Kiwi Born Playboy Playmate Poses Nude atop Mt Taranaki

A couple touring New Zealand climbed a mountain together. One was Playboy playmate Jaylene Cook, so naturally she had her photo taken in her birthday suit while up there.

Big whoop, right. Here in New Zealand however, someone was bound to have an opinion to do with it having a profound, culturally significant effect on their large group of friends and relatives who never would have known about it otherwise but when they do they’ll have some really strong feelings to share.

…It pissed some men off, in other words.

Playboy playmate Jaylene Cook has scaled Mt Taranaki in a nude photo shoot, but not everyone has taken kindly to the stunt. The glamour model, who is touring the country with her photographer boyfriend Josh Shaw, posted the photo to Instagram which has attracted more than 8000 likes.

But one Maori academic said the photo was culturally insensitive and disrespected the mountain.

“I also know cousins and relatives who will be quite upset about it. They would consider it as being disrespectful towards the mountain,” Maori academic Dennis Ngawhare told Fairfax.

He said he believes iwi and hapu in Taranaki share his thoughts.

Cook defended her decision to go nude, saying she and her partner did their research before hiking to the summit of Mt Taranaki. Playmate Jaylene Cook climbed Mt Taranaki, posing naked for images near the summit. She said the photo isn’t explicit and that being nude is a natural and powerful pleasure, something not to take offence to. According to Cook, she waited until other trampers had left before undressing and posing for the camera.

Stratford Mayor Neil Volzke weighed in on the issue, saying the stunt was unexpected and culturally insensitive.

Cook was given the title of Playmate after she was featured in Playboy Mexico in January.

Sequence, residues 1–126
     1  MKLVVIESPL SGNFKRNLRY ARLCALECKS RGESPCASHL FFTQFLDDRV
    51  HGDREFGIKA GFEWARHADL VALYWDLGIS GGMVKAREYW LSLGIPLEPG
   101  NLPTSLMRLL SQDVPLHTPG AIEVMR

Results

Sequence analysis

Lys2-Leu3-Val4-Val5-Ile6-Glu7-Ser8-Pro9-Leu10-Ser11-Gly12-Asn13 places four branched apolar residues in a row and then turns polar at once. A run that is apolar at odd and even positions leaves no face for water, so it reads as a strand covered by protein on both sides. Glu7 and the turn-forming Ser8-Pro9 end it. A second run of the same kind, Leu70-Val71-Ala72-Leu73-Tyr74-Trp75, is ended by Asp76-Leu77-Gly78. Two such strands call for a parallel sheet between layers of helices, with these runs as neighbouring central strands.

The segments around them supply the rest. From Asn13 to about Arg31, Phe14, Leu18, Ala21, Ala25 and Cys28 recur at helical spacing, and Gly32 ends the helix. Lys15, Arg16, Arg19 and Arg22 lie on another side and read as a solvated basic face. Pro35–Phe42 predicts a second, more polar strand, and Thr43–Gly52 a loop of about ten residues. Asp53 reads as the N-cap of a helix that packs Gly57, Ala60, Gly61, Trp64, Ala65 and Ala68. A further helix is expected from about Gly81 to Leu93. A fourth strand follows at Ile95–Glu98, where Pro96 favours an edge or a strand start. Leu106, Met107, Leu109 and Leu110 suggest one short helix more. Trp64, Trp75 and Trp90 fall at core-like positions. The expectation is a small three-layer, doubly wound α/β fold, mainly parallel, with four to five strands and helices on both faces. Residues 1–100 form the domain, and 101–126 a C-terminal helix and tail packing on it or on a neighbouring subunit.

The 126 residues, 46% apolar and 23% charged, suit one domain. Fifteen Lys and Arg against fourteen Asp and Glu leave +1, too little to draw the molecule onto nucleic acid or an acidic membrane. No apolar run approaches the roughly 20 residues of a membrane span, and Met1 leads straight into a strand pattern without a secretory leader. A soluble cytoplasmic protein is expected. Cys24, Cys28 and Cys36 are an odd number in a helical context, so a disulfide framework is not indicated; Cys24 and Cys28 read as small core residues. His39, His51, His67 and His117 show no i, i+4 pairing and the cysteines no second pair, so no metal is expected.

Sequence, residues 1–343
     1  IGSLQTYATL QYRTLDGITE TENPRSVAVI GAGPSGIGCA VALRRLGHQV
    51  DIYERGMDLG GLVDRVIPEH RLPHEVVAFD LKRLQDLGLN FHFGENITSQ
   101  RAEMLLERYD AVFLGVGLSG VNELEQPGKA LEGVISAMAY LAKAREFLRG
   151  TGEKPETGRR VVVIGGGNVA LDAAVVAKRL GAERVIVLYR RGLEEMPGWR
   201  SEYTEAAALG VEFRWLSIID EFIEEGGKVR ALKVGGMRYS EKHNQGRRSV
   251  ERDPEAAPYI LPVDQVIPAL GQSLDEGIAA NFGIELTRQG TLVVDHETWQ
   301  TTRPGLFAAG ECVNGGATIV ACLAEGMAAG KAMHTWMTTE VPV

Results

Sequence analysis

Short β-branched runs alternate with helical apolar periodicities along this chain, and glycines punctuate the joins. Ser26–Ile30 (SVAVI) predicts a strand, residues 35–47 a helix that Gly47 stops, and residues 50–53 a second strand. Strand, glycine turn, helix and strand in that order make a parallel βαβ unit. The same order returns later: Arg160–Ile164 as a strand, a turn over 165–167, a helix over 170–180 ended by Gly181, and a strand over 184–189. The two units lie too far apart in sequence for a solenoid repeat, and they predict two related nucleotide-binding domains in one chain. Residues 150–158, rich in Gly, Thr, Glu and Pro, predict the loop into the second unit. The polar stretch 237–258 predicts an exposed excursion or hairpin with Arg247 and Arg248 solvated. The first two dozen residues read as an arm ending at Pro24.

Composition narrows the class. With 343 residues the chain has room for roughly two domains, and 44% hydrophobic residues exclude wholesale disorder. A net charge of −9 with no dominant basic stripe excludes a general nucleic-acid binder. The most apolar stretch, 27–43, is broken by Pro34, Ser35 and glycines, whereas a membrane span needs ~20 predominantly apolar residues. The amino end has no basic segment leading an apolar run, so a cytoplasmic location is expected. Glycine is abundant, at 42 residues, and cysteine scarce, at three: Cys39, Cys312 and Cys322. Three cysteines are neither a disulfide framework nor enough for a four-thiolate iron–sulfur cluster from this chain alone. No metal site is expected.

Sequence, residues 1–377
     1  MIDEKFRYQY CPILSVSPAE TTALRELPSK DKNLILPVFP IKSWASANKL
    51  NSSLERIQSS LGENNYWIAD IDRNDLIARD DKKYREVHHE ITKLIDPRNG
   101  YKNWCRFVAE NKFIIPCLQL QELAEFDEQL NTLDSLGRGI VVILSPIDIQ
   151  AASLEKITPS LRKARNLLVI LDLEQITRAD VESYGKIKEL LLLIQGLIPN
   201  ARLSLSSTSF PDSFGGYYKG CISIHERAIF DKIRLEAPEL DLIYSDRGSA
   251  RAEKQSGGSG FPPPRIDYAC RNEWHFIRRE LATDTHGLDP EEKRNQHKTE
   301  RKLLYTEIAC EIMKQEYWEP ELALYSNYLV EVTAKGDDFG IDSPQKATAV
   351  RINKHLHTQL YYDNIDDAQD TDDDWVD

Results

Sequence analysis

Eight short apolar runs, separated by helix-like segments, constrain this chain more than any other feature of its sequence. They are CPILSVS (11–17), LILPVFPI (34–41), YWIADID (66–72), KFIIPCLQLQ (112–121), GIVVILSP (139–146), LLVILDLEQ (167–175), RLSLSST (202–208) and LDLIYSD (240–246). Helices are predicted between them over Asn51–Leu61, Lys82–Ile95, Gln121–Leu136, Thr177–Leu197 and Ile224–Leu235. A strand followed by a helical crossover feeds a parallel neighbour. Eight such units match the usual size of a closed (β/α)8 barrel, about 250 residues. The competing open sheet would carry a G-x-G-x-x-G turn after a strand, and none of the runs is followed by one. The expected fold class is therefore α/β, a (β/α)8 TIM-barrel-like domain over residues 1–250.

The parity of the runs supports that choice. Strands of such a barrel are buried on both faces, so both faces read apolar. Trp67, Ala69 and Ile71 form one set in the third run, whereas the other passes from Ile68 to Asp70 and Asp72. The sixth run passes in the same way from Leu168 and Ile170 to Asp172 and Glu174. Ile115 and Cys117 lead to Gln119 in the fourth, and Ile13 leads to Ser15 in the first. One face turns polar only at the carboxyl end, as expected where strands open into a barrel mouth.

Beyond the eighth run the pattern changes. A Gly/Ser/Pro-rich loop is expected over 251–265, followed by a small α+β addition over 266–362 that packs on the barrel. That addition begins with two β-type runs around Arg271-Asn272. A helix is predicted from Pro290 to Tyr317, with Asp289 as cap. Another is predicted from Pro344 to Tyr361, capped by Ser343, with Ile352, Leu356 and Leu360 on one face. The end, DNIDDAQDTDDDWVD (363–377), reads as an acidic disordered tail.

Cook was originally from Waikato before moving to the Gold Coast in Australia.

– NZ Herald

Such is the case with basically every landmark in New Zealand. I’m not cynical towards cultural custom and beliefs by any stretch of the imagination, however, I believe nudity is not something people should be attacking especially if it is consensual and innocently naive (I don’t think their intentions were to anger people/the mountain). And in this case, I think it’s pathetic Cook’s naivety on matters of iwi and hapu is being used to make an example of a belief, however valid it may seem. Or invalid; how can that one photo be culturally insensitive when it’s so culturally unremarkable?

I could segue into the dangers of anthropomorphism, but I’m really not that invested in trying to understand human behavior beyond my own opinion on the matter at hand. Naked woman on a mountain. She’s a Kiwi. Sweet. End of story.

Plus, well, it’s kind of hilarious to me (but not in a surprising way how this is considered news worthy in this funny country) because there have been countless promiscuous harlots visiting our beautiful shores for reasons of both business and pleasure for years don’t cha know?

Those landmarks weren’t mainstream enough to make a big deal about I suppose #doublestandards

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~ by Fionnlagh on May 3, 2017.

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